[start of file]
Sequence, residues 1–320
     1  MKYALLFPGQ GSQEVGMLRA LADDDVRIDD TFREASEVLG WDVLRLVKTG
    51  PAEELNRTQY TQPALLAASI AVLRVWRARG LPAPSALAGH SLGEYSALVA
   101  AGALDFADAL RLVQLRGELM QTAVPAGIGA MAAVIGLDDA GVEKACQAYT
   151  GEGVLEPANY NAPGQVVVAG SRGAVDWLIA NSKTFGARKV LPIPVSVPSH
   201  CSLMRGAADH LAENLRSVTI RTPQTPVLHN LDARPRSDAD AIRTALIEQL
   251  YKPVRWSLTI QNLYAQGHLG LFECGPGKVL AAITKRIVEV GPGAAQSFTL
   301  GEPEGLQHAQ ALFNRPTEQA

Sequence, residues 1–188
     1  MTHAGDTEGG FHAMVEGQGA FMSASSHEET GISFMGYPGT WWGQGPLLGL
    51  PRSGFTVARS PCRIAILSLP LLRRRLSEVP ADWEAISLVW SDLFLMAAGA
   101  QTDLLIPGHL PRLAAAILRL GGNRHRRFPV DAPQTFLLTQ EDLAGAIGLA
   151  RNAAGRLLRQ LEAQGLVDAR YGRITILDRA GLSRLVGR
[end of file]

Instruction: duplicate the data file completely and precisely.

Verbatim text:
Sequence, residues 1–320
     1  MKYALLFPGQ GSQEVGMLRA LADDDVRIDD TFREASEVLG WDVLRLVKTG
    51  PAEELNRTQY TQPALLAASI AVLRVWRARG LPAPSALAGH SLGEYSALVA
   101  AGALDFADAL RLVQLRGELM QTAVPAGIGA MAAVIGLDDA GVEKACQAYT
   151  GEGVLEPANY NAPGQVVVAG SRGAVDWLIA NSKTFGARKV LPIPVSVPSH
   201  CSLMRGAADH LAENLRSVTI RTPQTPVLHN LDARPRSDAD AIRTALIEQL
   251  YKPVRWSLTI QNLYAQGHLG LFECGPGKVL AAITKRIVEV GPGAAQSFTL
   301  GEPEGLQHAQ ALFNRPTEQA

Sequence, residues 1–188
     1  MTHAGDTEGG FHAMVEGQGA FMSASSHEET GISFMGYPGT WWGQGPLLGL
    51  PRSGFTVARS PCRIAILSLP LLRRRLSEVP ADWEAISLVW SDLFLMAAGA
   101  QTDLLIPGHL PRLAAAILRL GGNRHRRFPV DAPQTFLLTQ EDLAGAIGLA
   151  RNAAGRLLRQ LEAQGLVDAR YGRITILDRA GLSRLVGR